This new narrative unfolding is going to be an epic one, given the marketing prowess and sheer balance sheet strength of these conglomerates. I mean, Apple has more spare cash on its balance sheet than the entire crypto market cap.

I’ll close with one of my favorite lines from Mr. Robot. “Give a man a gun and he can rob a bank, but give a man a bank, and he can rob the world.” Looks like E-Corp isn’t the only one who figured that out…

[1] The United States Department of Commerce’s Bureau of Economic Analysis is working to develop tools to better capture the effects of fast-changing technologies on the U.S. economy and on global supply chains. The project seeks to calculate the digital economy's contribution to U.S. GDP, improve measures of high-tech goods and services, and offer a more complete picture of international trade. More at https://www.bea.gov/data/special-topics/digital-economy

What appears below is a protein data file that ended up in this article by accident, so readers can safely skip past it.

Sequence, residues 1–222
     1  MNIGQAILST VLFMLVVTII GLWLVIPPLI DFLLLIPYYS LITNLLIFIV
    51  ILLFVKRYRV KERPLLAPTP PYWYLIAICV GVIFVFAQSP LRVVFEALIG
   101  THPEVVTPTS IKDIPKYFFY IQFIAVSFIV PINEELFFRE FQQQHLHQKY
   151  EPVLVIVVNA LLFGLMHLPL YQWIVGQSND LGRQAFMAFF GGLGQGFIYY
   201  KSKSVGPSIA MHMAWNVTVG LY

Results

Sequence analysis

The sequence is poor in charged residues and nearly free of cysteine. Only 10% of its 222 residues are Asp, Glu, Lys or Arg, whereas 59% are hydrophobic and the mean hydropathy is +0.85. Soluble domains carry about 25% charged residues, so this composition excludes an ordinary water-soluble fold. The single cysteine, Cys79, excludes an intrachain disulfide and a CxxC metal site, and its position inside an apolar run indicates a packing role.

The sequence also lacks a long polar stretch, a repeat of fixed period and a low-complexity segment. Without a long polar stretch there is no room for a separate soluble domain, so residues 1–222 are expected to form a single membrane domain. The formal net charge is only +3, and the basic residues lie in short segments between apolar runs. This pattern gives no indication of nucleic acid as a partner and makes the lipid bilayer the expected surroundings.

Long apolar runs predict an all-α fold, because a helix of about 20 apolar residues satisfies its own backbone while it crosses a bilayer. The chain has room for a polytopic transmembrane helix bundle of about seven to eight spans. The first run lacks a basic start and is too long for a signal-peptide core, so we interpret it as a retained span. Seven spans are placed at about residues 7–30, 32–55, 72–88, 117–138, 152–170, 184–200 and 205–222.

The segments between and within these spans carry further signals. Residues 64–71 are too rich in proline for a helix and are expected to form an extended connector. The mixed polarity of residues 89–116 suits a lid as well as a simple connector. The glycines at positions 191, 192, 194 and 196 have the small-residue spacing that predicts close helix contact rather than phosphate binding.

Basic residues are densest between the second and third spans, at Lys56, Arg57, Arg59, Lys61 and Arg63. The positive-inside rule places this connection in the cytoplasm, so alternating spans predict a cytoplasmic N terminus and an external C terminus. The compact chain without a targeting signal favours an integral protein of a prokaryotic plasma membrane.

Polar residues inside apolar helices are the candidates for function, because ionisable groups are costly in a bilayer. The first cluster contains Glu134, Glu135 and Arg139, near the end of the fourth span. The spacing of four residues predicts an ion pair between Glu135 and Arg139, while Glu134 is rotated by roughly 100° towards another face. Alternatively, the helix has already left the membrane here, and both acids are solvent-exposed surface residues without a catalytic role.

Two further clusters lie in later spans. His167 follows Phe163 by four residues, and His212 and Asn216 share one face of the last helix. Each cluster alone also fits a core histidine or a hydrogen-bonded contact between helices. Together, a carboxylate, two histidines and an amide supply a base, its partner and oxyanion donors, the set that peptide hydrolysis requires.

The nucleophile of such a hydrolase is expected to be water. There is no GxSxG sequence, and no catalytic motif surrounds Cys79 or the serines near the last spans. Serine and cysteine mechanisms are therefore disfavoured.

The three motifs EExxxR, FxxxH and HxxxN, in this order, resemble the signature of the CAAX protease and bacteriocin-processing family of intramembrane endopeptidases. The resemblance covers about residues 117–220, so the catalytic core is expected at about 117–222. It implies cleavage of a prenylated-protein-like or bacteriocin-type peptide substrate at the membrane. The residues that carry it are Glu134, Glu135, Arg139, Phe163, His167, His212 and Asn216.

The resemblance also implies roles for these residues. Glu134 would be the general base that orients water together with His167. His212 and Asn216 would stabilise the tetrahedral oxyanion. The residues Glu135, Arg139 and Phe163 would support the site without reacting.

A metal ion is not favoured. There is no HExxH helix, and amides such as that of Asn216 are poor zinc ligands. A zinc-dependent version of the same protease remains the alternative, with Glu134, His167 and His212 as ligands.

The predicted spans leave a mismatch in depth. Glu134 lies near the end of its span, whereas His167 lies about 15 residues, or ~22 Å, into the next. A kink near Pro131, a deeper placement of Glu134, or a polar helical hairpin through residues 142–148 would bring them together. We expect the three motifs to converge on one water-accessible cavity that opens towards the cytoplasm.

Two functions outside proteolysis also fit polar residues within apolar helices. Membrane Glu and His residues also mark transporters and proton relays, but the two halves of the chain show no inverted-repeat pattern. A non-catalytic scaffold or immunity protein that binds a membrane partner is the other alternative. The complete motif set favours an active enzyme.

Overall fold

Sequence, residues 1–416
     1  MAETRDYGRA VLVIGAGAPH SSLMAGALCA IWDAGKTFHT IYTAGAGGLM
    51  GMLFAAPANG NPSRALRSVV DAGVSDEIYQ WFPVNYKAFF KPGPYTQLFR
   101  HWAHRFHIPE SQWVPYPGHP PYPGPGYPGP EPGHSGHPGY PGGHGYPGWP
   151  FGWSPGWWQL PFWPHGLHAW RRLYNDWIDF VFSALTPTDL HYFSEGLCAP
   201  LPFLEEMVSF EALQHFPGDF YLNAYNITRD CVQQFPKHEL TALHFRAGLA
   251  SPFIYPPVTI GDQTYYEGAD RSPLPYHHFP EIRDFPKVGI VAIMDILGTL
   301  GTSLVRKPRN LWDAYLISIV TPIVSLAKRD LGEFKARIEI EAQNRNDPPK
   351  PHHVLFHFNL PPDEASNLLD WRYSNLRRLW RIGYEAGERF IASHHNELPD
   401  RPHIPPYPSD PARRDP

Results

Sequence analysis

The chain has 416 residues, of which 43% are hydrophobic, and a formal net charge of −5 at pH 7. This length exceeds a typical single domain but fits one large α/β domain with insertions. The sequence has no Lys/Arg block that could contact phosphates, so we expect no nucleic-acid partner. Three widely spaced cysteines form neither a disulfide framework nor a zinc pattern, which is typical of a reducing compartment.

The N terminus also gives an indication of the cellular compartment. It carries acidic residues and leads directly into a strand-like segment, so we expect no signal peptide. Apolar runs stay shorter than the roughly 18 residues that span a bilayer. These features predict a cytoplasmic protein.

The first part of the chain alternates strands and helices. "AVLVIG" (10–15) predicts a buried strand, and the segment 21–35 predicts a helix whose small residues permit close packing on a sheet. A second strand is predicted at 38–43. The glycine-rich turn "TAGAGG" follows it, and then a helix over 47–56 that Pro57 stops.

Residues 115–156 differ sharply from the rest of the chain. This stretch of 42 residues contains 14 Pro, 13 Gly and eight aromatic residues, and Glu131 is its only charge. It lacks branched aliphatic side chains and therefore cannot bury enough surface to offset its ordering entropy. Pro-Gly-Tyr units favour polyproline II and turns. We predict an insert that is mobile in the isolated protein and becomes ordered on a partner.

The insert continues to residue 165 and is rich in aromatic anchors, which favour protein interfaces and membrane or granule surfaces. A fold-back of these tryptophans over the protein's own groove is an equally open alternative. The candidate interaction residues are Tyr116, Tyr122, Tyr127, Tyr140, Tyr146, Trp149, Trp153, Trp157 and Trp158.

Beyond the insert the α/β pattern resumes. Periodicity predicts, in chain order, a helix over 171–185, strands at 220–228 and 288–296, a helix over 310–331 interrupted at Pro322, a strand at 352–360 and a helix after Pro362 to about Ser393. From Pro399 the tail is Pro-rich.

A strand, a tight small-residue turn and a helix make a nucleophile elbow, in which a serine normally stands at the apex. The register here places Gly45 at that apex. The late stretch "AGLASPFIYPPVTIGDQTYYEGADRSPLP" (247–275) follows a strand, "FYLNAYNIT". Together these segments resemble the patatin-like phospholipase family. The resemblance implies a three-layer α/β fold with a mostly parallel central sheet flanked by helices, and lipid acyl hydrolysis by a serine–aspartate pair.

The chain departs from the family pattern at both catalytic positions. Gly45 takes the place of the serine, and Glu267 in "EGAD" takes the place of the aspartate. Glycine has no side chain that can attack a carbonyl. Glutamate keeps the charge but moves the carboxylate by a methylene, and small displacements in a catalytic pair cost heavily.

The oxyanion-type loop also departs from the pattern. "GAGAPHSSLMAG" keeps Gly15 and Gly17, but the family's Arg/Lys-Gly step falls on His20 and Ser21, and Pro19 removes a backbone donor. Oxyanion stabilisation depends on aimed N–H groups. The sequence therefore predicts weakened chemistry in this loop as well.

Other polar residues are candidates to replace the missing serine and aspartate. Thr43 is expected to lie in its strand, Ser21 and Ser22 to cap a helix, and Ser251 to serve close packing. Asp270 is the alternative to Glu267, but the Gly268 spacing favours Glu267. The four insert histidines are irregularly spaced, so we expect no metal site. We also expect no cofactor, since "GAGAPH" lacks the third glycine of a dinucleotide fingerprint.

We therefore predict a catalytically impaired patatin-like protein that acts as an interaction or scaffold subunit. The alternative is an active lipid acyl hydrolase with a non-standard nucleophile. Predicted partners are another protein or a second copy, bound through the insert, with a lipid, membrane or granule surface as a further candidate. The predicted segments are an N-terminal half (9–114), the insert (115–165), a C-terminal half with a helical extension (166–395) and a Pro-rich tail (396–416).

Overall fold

[2] See the Bureau of Economic Analysis “Measuring the Digital Economy: An Update Incorporating Data from the 2018 Comprehensive Update of the Industry Economic Accounts” which can be found at https://www.bea.gov/system/files/2019-04/digital-economy-report-update-april-2019_1.pdf